South Korea

Since 2019, Greenpeace Seoul has called on the country’s government to declare a climate emergency and commit to net-zero emissions by 2050. In March, South Korea became the first Asian country to announce a climate manifesto: the Korean Green New Deal. The manifesto included policies to end coal project financing and introduce a carbon tax on polluters. The National Assembly then declared a climate emergency and the government pledged to become carbon neutral by 2050.

New Zealand

A monumental victory was won for New Zealand’s oceans as the country’s Court of Appeal upheld the decision to deny a massive mine on the South Taranaki Bight seafloor. Following a six-year legal battle - and relentless campaigning by the Iwi community, Greenpeace and others to stop the mining of the seabed - the judgement described the environment as ‘a bottom line’ that could not be compromised to permit these activities. This sets an incredible precedent for the future.


A judge granted a definitive suspension against the Mexican government’s energy policy of burning more fossil fuels by blocking renewable energy projects, after a legal case bought by Greenpeace Mexico. The case was strengthened by working together with environmental groups, human rights organisations and local communities affected by fossil fuel infrastructure. This was a huge step forward towards a fossil fuel-free future for Mexico.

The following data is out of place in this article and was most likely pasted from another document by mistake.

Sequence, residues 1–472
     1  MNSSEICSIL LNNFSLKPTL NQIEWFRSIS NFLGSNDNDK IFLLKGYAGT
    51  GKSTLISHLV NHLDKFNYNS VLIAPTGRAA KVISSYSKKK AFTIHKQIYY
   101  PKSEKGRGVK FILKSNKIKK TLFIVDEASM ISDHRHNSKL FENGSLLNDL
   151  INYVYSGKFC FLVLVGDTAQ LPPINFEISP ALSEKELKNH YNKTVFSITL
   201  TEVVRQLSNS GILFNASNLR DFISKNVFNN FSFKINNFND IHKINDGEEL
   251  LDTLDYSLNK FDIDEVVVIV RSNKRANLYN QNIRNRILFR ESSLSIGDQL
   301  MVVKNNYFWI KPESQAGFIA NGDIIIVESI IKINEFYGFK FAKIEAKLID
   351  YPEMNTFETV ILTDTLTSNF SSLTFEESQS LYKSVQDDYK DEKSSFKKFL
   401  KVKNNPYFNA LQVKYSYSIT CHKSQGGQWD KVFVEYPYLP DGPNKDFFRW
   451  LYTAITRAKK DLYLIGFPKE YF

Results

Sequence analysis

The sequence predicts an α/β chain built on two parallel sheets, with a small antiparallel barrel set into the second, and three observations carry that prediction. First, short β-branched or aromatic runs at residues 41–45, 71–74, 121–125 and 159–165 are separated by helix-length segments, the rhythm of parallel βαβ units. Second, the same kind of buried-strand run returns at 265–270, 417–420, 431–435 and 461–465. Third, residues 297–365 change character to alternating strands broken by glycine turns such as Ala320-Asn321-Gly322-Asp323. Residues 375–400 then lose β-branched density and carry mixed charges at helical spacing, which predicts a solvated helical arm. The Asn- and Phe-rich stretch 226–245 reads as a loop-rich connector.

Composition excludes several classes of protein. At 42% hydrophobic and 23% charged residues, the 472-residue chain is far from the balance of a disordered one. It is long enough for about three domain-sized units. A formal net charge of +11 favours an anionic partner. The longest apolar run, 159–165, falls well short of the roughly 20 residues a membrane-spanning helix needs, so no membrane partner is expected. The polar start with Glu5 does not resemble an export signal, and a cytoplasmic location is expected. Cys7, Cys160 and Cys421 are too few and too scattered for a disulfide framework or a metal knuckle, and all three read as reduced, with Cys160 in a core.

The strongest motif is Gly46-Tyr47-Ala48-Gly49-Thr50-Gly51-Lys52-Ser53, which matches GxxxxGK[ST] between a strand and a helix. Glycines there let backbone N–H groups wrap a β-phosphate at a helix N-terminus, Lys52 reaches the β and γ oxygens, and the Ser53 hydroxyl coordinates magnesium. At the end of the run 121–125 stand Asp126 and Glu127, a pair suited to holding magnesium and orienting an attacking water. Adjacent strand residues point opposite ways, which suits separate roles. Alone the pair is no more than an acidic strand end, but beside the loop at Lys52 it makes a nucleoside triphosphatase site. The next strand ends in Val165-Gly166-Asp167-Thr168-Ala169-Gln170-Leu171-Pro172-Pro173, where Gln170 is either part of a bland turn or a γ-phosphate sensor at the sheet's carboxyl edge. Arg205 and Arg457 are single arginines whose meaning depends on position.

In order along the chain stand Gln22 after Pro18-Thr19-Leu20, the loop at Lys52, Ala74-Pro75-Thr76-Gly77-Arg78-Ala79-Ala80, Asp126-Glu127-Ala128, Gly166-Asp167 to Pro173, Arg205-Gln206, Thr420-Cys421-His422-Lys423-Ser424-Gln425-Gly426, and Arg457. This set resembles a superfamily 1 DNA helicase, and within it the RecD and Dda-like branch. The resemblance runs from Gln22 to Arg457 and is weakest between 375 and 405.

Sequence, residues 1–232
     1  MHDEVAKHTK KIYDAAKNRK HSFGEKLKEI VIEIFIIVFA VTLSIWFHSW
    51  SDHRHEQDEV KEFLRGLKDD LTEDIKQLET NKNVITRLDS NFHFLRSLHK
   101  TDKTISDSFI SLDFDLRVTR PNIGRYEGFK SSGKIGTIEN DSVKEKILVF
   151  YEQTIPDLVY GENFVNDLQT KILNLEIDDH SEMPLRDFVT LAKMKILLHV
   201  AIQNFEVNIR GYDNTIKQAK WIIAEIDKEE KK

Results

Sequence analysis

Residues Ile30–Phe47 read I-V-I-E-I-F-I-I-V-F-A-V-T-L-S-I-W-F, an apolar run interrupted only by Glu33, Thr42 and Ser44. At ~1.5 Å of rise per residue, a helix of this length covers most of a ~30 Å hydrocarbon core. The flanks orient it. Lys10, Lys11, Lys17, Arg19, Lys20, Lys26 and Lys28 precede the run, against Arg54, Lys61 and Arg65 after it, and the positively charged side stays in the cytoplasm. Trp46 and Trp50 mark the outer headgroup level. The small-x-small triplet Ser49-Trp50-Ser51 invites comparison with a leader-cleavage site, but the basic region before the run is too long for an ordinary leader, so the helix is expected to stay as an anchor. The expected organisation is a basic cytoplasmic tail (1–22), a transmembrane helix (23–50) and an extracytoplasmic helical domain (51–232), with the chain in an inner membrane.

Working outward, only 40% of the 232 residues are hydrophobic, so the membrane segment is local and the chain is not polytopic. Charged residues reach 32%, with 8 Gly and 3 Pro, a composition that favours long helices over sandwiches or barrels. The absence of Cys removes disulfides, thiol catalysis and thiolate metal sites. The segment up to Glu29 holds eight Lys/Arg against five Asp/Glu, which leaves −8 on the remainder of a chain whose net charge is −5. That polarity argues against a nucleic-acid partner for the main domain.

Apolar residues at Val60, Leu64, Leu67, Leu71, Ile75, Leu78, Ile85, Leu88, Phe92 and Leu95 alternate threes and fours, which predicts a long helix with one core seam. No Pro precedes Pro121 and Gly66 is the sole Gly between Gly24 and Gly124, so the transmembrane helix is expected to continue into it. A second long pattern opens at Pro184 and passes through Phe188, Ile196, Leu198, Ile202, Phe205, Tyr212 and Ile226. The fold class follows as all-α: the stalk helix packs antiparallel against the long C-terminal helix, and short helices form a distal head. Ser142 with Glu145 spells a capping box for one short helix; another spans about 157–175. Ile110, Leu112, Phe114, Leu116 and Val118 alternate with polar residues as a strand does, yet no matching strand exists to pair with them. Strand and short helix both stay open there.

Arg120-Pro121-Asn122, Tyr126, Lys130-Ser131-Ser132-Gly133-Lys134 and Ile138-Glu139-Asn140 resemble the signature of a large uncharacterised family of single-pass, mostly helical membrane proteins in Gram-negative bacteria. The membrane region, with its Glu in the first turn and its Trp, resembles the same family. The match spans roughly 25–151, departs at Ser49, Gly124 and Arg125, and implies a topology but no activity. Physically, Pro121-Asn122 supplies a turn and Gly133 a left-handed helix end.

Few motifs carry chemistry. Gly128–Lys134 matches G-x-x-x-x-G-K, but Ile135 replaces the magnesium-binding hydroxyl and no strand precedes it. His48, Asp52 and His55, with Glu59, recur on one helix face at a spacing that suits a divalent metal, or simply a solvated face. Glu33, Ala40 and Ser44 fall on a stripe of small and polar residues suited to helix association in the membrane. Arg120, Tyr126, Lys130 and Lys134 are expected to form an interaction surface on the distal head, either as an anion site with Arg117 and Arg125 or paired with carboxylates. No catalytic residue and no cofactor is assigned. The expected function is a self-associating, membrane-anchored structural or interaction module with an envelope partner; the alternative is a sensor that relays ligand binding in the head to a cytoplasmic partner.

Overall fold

The Russian government finally responded to years of Greenpeace campaigning and reversed a bizarre law that made it illegal for landowners to plant forests on their agricultural land. Allowing forestry on agricultural lands significantly reduces the pressure for timber on wild forests and makes it possible to employ up to 100,000 people in forestry work - comparable to the number of employees at the country’s largest oil company, Rosneft. This shift increases the chances of a bright future for the Russian people that doesn’t depend on oil.

United States

After over a year of engaging with the US Department of Labor on forced labour in Taiwan's distant-water fishing fleet, the government announced that fish harvested by these vessels would be labelled as Goods Produced by Forced Labor. US Customs also blocked all seafood imports from two vessels investigated by Greenpeace SE Asia. These are significant steps forward in global efforts to end forced labour, illegal fishing and overfishing on the high seas.

Funding our mission

Your unwavering support inspired us throughout 2020 says Shabby Amini, Greenpeace UK board member

I have never felt so grateful for the unwavering commitment of our supporters. Just as we were preparing some of our biggest and boldest plans for the start of the ‘Decade of Change’, we were faced with Covid-19 and the resulting closure of our face-to-face fundraising programme and cancellation of Glastonbury. We don’t keep large financial reserves so there was every reason to fear for the impact we could make, knowing that 2020 would be a tough year for everyone. But we soon saw that people were still fully with us, maybe even more so, as we experienced first hand the fragility of our ‘normal’ way of living, and reconnected with the power of the natural world. Thanks to the loyalty of our supporters old and new, and the determination and ingenuity of our amazing fundraising team, we raised even more than we expected and spent it as effectively as ever on delivering our environmental mission. Thank you.